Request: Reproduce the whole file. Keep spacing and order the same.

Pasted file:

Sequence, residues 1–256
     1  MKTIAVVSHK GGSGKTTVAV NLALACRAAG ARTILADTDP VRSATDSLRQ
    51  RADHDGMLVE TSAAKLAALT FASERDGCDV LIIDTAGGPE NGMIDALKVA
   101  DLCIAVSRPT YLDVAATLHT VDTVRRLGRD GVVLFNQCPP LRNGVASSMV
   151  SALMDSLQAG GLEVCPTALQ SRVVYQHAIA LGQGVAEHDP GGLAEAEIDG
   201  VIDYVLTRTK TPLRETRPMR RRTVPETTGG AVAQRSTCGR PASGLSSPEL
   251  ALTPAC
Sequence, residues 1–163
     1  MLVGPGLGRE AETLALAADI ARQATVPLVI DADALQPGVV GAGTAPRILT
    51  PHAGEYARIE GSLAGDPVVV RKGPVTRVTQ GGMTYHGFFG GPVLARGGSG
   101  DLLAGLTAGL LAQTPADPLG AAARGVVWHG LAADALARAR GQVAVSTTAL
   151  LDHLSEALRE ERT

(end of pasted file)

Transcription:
Sequence, residues 1–256
     1  MKTIAVVSHK GGSGKTTVAV NLALACRAAG ARTILADTDP VRSATDSLRQ
    51  RADHDGMLVE TSAAKLAALT FASERDGCDV LIIDTAGGPE NGMIDALKVA
   101  DLCIAVSRPT YLDVAATLHT VDTVRRLGRD GVVLFNQCPP LRNGVASSMV
   151  SALMDSLQAG GLEVCPTALQ SRVVYQHAIA LGQGVAEHDP GGLAEAEIDG
   201  VIDYVLTRTK TPLRETRPMR RRTVPETTGG AVAQRSTCGR PASGLSSPEL
   251  ALTPAC
Sequence, residues 1–163
     1  MLVGPGLGRE AETLALAADI ARQATVPLVI DADALQPGVV GAGTAPRILT
    51  PHAGEYARIE GSLAGDPVVV RKGPVTRVTQ GGMTYHGFFG GPVLARGGSG
   101  DLLAGLTAGL LAQTPADPLG AAARGVVWHG LAADALARAR GQVAVSTTAL
   151  LDHLSEALRE ERT